As scandals mount, advertisers begin to question Facebook's value

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NBC News

Facebook has suffered a near nonstop drip of bad news in 2018, and with each event advertisers have barely uttered a peep while continuing to spend.

But this week, with yet another revelation about the company's past data practices, one agency chief finally said enough is enough, while other ad agency senior executives say they are questioning how much consumers continue to trust Facebook and whether advertisements on the social network continue to be effective.

On Wednesday, Mat Baxter, the global CEO of ad agency Initiative, said in a post on LinkedIn that he was advising clients not to advertise on Facebook.

"It’s about time we take a collective stand against the egregious behavior of Facebook," Baxter wrote.

Baxter, who has head of Initiative oversees media buying and planning for Amazon, wrote that Facebook would need to feel pressure from advertisers to act.

“Hopefully, when they feel the pain of lost advertising dollars things might just change," he wrote.

Baxter followed up with a second posting reflecting a more widely held belief among agencies.

“Effective at what cost? Ultimately brands want positive associations and Facebook looks anything but … " Baxter wrote.

Jim Helberg, chief media officer at RPA Advertising, an agency which represents Honda, said he is watching closely to see how consumers respond to further disclosures about Facebook and whether the company has broken any laws — including a consent decree from the Federal Trade Commission.

Helberg added that for any other company, the recent scandals would have led to far greater advertiser backlash.

“If this was not Facebook but a standard bearer like a network, there would have been a much more rapid route to conclusion,” he said. “At a certain point, you get to a critical mass of smoke. I certainly hope there’s no fire. Credibility and trust are paramount.”

Helberg says there are many ad opportunities out there, and that Facebook could reach a tipping point where the value of its ad targeting can't overcome its brand issues.

“We will never compromise our most valuable chip that is consumer trust," he said.

While advertisers have typically been hesitant to publicly criticize Facebook, the company's struggles in recent months have pushed some in the industry to go public with their concerns.

In November, Rishad Tobaccowala, the chief growth officer at ad giant Publicis Groupe, told The New York Times that he questioned the company's culture following the newspaper's report about Facebook’s strategy to deflect criticism, which included hiring a conservative lobbying firm.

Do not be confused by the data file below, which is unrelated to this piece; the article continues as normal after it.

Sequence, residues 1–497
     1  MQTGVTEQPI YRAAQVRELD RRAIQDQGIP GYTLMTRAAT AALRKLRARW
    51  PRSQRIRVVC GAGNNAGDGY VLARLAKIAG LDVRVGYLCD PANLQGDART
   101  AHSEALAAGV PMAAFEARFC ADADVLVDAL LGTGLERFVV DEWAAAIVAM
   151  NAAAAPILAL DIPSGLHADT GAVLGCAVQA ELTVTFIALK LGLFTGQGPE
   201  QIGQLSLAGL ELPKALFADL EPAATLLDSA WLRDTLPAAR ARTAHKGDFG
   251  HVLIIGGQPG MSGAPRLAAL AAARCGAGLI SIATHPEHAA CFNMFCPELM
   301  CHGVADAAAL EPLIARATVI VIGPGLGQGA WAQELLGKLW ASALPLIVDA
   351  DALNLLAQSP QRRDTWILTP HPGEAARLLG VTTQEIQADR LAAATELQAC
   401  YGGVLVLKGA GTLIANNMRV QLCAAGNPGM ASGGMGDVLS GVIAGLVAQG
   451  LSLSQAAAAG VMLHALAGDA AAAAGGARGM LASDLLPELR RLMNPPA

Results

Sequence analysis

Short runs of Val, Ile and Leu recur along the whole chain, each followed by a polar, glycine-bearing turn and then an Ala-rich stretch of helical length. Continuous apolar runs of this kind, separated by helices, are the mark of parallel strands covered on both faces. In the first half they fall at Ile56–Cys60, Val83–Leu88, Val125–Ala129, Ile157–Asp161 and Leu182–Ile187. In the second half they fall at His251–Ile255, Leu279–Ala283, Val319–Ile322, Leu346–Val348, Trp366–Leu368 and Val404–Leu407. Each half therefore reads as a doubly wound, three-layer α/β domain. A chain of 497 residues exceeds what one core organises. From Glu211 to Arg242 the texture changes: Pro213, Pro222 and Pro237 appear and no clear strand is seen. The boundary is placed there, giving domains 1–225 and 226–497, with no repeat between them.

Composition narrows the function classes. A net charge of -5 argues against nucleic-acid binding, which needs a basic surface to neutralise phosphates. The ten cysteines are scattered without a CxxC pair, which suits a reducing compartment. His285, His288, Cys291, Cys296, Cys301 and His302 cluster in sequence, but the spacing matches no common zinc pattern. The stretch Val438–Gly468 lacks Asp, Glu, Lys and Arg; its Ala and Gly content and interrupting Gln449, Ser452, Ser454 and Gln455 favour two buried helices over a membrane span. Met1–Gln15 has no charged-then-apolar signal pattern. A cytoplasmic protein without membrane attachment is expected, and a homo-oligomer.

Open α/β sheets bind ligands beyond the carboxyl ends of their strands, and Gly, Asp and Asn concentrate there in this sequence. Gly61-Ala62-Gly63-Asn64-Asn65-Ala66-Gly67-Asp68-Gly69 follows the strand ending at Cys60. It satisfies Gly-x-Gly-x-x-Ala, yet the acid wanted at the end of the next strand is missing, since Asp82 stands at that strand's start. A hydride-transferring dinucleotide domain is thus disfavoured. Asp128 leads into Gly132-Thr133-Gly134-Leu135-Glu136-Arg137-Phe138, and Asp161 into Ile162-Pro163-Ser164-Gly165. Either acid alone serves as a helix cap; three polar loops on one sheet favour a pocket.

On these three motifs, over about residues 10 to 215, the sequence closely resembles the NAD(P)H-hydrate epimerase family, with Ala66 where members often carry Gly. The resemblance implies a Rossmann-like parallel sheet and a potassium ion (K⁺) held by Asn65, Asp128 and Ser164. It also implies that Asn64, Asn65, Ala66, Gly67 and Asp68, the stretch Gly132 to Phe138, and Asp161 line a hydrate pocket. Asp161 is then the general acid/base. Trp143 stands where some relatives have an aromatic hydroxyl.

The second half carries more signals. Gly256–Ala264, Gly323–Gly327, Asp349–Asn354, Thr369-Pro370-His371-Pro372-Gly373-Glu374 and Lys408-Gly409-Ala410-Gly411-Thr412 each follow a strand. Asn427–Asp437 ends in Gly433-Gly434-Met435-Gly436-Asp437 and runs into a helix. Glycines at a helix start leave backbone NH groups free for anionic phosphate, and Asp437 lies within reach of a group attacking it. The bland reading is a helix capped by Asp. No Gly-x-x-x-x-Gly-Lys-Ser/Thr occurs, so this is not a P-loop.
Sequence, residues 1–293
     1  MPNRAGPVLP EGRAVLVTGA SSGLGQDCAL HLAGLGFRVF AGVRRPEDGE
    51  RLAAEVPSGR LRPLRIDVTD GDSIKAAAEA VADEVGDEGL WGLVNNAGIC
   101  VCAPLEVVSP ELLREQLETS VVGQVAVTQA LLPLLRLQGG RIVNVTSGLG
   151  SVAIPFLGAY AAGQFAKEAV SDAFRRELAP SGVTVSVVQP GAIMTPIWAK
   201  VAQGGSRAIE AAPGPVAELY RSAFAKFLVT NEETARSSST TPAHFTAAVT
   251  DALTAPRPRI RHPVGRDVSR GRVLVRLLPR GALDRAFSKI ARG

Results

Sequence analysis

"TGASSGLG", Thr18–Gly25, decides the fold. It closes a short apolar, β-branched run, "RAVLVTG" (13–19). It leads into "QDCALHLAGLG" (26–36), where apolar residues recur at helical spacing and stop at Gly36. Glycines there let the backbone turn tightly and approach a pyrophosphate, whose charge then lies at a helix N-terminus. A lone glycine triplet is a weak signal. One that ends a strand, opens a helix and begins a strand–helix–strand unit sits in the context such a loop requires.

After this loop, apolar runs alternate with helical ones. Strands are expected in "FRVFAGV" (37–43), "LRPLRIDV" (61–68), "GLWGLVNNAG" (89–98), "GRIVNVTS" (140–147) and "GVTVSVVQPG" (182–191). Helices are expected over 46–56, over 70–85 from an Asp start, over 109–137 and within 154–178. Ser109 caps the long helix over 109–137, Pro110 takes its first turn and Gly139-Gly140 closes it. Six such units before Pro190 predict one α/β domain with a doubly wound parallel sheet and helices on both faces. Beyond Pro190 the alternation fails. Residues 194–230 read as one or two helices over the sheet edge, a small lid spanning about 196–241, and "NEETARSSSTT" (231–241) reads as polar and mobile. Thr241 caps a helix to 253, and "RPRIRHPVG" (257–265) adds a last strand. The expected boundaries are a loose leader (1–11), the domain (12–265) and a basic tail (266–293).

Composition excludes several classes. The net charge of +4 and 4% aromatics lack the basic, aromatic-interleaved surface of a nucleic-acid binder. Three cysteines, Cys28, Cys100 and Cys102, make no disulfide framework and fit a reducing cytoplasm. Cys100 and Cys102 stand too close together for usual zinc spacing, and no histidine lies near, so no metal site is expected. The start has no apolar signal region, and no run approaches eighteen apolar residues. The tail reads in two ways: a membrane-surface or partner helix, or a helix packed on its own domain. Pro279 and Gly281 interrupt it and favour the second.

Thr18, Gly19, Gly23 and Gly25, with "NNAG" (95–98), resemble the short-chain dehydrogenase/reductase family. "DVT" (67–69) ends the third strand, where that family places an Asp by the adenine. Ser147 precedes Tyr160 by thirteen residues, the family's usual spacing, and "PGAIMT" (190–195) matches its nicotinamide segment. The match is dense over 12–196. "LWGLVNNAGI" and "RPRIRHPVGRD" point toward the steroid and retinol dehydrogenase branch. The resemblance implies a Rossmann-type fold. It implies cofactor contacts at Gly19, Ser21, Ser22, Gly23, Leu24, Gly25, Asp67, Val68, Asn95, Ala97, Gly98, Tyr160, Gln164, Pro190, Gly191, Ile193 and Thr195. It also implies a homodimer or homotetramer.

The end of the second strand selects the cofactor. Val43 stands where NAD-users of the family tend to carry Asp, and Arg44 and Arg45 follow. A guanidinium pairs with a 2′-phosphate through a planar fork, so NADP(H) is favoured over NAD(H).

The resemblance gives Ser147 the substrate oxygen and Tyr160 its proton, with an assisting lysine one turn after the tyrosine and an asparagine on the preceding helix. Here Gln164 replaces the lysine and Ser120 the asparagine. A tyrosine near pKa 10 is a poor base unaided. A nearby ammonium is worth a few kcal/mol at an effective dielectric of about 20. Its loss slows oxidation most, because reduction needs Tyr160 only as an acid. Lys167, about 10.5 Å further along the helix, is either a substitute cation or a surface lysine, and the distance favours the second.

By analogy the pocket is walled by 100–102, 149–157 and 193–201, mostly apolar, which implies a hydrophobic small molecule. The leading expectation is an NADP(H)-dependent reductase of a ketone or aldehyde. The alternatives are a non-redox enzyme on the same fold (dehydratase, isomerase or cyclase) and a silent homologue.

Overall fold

“Now we know Facebook will do whatever it takes to make money," he said. "They have absolutely no morals.

One ad agency chief, who did not want to be named for fear of compromising its relationship with Facebook, said he is questioning whether Facebook works effectively for companies trying to create positive reputations through brand building campaigns. This person said on a personal basis they have removed Facebook from their phones and only access it via desktop computers.

Another media executive, who asked not to be named due to competitive interests, said that Facebook's power with advertisers has at times seemed impervious to the scandals.

“They’ve broken trust with the consumer numerous times," they said. "They’ve also broken trust with advertisers, but no one seems to care.”

Some of Facebook's loudest critics say that the days of Facebook's run as an untouchable advertising destination are numbered.

Jason Kint, the CEO of Digital Content Next, a trade group, said he expected Facebook's trouble to continue.

"I'm certain there’s more negative news coming," Kint said. “It is well documented there is a significant drop in trust in the Facebook News Feed. It's certain that’s having an effect on brands. Advertisers are still judging Facebook on clicks and performance while their brands are being impacted long term."

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